``````

Not really enumerable.

EDIT: Ugh, yeah, the easier formula for the number of such vectors is obviously `2^N` 1 Like

That’s easy then, just sort it:

``````julia> function bitarraysort(n)
nums = collect(0:n-1)
sort!(nums, by=x -> (count_ones(x), x))
map(1:n) do i
return i => reverse!(digits(nums[i]; base=2, pad))
end
end
bitarraysort (generic function with 1 method)

julia> bitarraysort(16)
16-element Vector{Pair{Int64, Vector{Int64}}}:
1 => [0, 0, 0, 0]
2 => [0, 0, 0, 1]
3 => [0, 0, 1, 0]
4 => [0, 1, 0, 0]
5 => [1, 0, 0, 0]
6 => [0, 0, 1, 1]
7 => [0, 1, 0, 1]
8 => [0, 1, 1, 0]
9 => [1, 0, 0, 1]
10 => [1, 0, 1, 0]
11 => [1, 1, 0, 0]
12 => [0, 1, 1, 1]
13 => [1, 0, 1, 1]
14 => [1, 1, 0, 1]
15 => [1, 1, 1, 0]
16 => [1, 1, 1, 1]
``````

Whether a closed-form solution for this sequence exists, I don’t know I suspect it doesn’t, because the bit-representation for `17` introduces another bit, which would need to find its place after `5`. If you take a look at the numbers the bits represent:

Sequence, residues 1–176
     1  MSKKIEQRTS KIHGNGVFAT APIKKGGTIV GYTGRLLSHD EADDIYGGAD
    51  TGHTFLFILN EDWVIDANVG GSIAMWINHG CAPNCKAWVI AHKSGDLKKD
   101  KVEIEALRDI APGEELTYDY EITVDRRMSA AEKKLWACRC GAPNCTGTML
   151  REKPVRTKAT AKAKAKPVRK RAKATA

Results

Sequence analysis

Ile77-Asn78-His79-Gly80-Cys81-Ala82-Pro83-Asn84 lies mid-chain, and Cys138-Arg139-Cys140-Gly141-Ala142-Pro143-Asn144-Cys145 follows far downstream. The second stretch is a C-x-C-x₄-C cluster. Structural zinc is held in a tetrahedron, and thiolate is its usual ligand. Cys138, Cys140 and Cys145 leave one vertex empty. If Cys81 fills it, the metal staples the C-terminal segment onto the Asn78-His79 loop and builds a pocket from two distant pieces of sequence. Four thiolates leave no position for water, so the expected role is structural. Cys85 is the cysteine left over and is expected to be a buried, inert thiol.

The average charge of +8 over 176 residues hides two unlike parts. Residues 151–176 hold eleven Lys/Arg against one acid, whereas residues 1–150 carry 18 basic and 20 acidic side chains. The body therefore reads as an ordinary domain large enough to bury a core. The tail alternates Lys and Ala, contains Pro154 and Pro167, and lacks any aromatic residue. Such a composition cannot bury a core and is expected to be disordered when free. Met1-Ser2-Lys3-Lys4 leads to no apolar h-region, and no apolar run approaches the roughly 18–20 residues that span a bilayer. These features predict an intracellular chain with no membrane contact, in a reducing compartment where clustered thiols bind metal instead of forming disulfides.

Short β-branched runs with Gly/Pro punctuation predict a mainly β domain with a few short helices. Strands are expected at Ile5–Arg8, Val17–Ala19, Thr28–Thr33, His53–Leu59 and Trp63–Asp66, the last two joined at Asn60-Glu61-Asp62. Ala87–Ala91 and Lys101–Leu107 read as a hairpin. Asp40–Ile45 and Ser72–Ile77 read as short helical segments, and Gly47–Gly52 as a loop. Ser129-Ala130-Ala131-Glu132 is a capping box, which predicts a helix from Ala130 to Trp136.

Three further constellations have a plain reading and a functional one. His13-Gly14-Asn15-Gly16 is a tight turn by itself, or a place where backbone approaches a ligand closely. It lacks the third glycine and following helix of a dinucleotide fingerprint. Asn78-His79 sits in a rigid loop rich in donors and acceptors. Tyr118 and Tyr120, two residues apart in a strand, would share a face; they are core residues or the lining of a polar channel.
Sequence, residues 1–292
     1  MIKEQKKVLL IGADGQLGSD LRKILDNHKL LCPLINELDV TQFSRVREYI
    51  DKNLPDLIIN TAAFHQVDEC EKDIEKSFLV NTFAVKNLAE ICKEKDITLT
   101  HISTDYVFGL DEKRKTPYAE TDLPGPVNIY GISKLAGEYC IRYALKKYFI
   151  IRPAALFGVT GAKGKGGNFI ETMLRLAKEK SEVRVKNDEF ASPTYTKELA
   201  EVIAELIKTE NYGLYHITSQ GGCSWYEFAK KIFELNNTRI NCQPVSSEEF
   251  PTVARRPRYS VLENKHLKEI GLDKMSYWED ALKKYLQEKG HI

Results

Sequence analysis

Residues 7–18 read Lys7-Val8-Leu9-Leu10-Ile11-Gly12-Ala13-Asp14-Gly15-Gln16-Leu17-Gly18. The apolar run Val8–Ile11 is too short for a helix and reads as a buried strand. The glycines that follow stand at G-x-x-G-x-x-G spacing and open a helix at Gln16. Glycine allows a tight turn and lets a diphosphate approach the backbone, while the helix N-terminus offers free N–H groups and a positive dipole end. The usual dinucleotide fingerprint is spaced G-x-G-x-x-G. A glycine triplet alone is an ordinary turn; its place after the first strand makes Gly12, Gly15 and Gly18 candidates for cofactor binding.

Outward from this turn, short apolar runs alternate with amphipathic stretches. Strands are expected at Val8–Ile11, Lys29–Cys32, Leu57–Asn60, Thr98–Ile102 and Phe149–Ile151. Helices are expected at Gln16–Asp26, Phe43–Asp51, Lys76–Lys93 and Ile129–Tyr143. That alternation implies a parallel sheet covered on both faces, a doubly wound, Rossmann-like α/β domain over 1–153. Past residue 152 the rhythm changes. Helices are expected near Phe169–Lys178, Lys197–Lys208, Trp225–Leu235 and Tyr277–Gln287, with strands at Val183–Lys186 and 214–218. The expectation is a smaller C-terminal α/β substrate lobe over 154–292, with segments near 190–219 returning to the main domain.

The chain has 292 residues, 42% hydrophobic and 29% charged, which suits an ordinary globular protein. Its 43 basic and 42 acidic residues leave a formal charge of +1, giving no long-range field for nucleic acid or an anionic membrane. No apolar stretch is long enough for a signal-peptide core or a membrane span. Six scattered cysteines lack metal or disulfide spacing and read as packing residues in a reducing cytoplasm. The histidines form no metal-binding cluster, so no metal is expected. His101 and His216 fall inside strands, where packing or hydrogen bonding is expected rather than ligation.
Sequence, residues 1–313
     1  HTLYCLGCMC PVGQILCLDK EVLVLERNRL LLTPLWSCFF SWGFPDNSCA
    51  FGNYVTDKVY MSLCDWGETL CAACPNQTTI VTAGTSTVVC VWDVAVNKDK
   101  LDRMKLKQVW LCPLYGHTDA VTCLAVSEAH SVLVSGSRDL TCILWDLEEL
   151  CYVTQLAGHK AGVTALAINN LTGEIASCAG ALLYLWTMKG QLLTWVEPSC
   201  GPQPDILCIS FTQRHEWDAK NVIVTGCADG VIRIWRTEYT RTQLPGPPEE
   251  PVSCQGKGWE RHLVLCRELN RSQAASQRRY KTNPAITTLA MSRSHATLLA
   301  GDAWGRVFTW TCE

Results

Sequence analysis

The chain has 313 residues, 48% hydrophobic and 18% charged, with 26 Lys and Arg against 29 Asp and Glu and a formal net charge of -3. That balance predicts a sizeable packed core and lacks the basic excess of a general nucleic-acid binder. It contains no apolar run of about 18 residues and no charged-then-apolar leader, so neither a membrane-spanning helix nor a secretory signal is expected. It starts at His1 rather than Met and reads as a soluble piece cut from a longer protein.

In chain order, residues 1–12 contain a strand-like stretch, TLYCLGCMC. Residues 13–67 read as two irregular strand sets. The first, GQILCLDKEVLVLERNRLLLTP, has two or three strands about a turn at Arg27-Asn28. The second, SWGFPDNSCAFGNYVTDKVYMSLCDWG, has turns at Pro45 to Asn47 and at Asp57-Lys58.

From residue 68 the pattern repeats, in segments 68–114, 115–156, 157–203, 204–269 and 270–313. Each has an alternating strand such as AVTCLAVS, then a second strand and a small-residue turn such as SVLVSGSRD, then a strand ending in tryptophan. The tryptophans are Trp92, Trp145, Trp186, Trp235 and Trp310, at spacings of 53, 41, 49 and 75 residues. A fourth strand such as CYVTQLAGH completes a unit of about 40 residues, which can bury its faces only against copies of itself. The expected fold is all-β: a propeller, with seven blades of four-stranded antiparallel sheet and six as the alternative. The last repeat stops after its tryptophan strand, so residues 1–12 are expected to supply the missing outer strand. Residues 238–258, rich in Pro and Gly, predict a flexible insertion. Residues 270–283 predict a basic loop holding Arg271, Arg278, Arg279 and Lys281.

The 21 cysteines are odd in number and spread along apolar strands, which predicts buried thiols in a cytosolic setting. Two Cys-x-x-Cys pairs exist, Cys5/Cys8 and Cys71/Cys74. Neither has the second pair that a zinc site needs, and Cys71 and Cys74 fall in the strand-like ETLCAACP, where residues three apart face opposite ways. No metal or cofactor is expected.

``````julia> function bitarraysort(n)
nums = collect(0:n-1)
sort!(nums, by=x -> (count_ones(x), x))
map(1:n) do i
return nums[i]+1 => reverse!(digits(nums[i]; base=2, pad))
end
end
bitarraysort (generic function with 1 method)

julia> bitarraysort(17)
17-element Vector{Pair{Int64, Vector{Int64}}}:
1 => [0, 0, 0, 0, 0]
2 => [0, 0, 0, 0, 1]
3 => [0, 0, 0, 1, 0]
5 => [0, 0, 1, 0, 0]
9 => [0, 1, 0, 0, 0]
17 => [1, 0, 0, 0, 0]
4 => [0, 0, 0, 1, 1]
...
``````

You can see that the whole sequence changes depending on the maximum value you’re looking for.

1 Like

If all the vectors with the same nb of 1s are equivalent to you, can’t you exploit that to avoid generating them all?

1 Like

As you said, @barucden. The vector is huge and I am still trying to implement the advice from @Dan

Thank you very much for your advice, @Sukera. I have tried it and your advice is working for n = 1024. Right now, I am trying to figure out how to generate them one by one for each step.

Unfortunately, I can’t ignore even one of the array z, @gdalle. Because there is a possibility that within the array I get the correct result. For example:

``````a = [0, 1, 0, 1]
b = [1, 2] # I need a + a = 0

z = [0 0 0 1; 0 0 1 0; 0 1 0 0; 1 0 0 0]
for I in 1 : 4
c = xor(a[i], z[i]
end
# if I want c = [0 0 0 1], then I need z = [1 0 0 0] to make it happen
``````